Since Li’s second daughter, Xinxin, who is now 10 months old, was born, she has not played mahjong at all and often goes to the Center to listen to family sessions and participate in parent-child activities and seek advice. She has said many times regretfully, “If the OneSky Family Skills Program had been established earlier I would have taken care of my oldest daughter much better.”

I have the same regrets about how I raised my older son Xuanxuan, whom I forced to attend summer classes, which didn’t help his grades but did make him unhappy and led to his venting his dissatisfaction by throwing things. But like Li, I am determined to do better and I’m grateful for my job and determined to make great efforts to give left-behind children in the countryside a childhood that enables them to feel the warmth of a mother and promotes their cognitive, physical and social-emotional development.

One on one time.
One on one time.
Nov 19, 2019

Helping Women Help Children in Vietnam

Creative play.
Creative play.

As the holiday season is nearly upon us, we would like to take this opportunity to thank you, our dedicated supporters, for your continued generosity on behalf of the children of factory workers in Vietnam. We hope you enjoy this special field report about a few of the women living in Vietnam whose lives have been impacted by our work.  

Young women account for up to 70 percent of migrant workers in Vietnam’s factories.

Their children lack residency status for public preschool or daycare. Where quality local private preschool is available, fees are usually higher than most can afford. Instead, they rely on home-based care (HBC)—many of which have untrained staff. In total, 1.2 million children live in Vietnam’s industrial zones.

In 2017, OneSky opened an Early Learning Center (ELC) for the children of rural migrants in Da Nang’s industrial zone. To help even more children, a year later OneSky provided training to 240 local home-based caregivers. Now, working with the Vietnamese government, OneSky is set to expand this service to 19 provinces across the country.

For this report, OneSky spoke to three women (and a young girl) whose lives have been changed by the ELC:

Anh, Headteacher at OneSky Early Learning Center in Da Nang

“OneSky has changed my own perspective. I used to work for a private kindergarten for 14 years, where moms worked regular nine to five jobs. The ELC moms work night shifts and irregular working hours. It impacts on the activities at the ELC and we always have to keep this in mind.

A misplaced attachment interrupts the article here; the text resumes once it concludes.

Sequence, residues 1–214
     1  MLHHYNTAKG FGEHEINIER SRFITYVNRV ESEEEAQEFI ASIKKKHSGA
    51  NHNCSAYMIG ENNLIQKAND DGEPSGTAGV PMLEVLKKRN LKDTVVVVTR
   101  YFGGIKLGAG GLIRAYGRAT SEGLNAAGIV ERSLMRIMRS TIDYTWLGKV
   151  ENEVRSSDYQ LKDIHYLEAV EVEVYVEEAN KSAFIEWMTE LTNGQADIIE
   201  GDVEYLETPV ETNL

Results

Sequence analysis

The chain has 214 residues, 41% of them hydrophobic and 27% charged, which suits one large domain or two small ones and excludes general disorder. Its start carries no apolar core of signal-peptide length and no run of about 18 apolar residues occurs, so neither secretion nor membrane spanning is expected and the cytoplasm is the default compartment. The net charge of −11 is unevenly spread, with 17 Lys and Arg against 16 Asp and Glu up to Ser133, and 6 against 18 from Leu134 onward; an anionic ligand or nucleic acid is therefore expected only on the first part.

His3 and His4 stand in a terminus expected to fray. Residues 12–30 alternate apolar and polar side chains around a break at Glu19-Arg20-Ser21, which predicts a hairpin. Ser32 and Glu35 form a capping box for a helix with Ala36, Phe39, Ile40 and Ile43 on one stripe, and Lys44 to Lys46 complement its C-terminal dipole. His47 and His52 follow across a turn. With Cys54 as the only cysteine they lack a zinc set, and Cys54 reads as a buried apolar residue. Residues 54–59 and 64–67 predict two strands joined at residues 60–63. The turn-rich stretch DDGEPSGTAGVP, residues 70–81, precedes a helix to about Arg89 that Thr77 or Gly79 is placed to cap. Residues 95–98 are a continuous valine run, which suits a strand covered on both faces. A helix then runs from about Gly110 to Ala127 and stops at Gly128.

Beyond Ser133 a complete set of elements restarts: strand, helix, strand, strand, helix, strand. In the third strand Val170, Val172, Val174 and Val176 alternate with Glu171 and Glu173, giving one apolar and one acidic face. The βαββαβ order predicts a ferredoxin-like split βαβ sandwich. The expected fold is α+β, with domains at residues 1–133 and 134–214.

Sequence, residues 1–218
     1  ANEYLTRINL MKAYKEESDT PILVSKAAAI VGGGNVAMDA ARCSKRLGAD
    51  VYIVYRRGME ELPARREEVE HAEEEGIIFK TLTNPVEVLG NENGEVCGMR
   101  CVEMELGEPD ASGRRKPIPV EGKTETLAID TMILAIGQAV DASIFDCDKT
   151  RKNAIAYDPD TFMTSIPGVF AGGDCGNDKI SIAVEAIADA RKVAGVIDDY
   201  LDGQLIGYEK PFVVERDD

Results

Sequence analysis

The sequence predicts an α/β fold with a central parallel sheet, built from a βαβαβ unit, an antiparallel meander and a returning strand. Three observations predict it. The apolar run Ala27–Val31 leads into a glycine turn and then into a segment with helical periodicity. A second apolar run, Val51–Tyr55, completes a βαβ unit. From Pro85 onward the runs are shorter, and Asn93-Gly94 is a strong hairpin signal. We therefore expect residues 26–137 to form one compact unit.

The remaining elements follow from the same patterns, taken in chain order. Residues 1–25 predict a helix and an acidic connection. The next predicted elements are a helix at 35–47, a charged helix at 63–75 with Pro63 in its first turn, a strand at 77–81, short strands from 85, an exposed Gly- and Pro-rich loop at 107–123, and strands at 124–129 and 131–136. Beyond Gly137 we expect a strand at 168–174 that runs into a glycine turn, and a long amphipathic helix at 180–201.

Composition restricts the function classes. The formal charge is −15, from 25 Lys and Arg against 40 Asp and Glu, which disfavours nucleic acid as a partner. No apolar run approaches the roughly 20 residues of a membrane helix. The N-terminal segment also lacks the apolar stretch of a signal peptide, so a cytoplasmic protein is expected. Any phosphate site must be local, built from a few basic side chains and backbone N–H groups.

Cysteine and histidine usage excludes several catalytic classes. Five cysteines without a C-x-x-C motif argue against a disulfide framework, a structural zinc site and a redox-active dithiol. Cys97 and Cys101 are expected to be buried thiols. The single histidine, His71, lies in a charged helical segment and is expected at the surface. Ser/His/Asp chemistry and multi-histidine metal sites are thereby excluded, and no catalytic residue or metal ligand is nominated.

“They really love it when we do what we can to recognize their dedication and hard work. When they receive things like a little card from their children, they are so grateful. It makes me realize how hard their lives are and helps me appreciate how meaningful our work is here.”

Thuy (mother) and Hong (daughter)

Thuy is a factory worker for a company producing fishing equipment. Her husband works as a truck driver. Thuy’s daughter, Hong, is 3-years-old and started attending the ELC in September this year.

Before joining the ELC, her daughter Hong was looked after for two years by a home-based care center. The HBC she went to had 15 babies staffed by just two caregivers.

“We visited the school with Hong and she was the one who said she wanted to come here. She loved the garden! The whole family was delighted when she was accepted. 

“Now, I see that my daughter is changing every day. She can feed and dress herself – things she wasn’t able to do before. She is so much more confident. I’m very grateful that she was offered the place here. I can’t wait to see how she develops in the next three years.”

Tuyen, ELC Teacher

“Since I joined the ELC, I have found that working alongside female colleagues is a wonderful thing. We share so much in common and understand how best we can help each other. I get so much support from work colleagues. 

“I also love that we are recognized as individuals and are encouraged to build on our own strengths.”

 

Last month OneSky’s Caregiver training was amongst the winners of the Solve MIT Innovation for Women Prize, funded by the Vodafone Americas Foundation.

* We look forward to bringing you future happenings from our work in Vietnam. To read more stories about how OneSky helps vulnerable kids, please visit the story page on our website!

Good job!
Good job!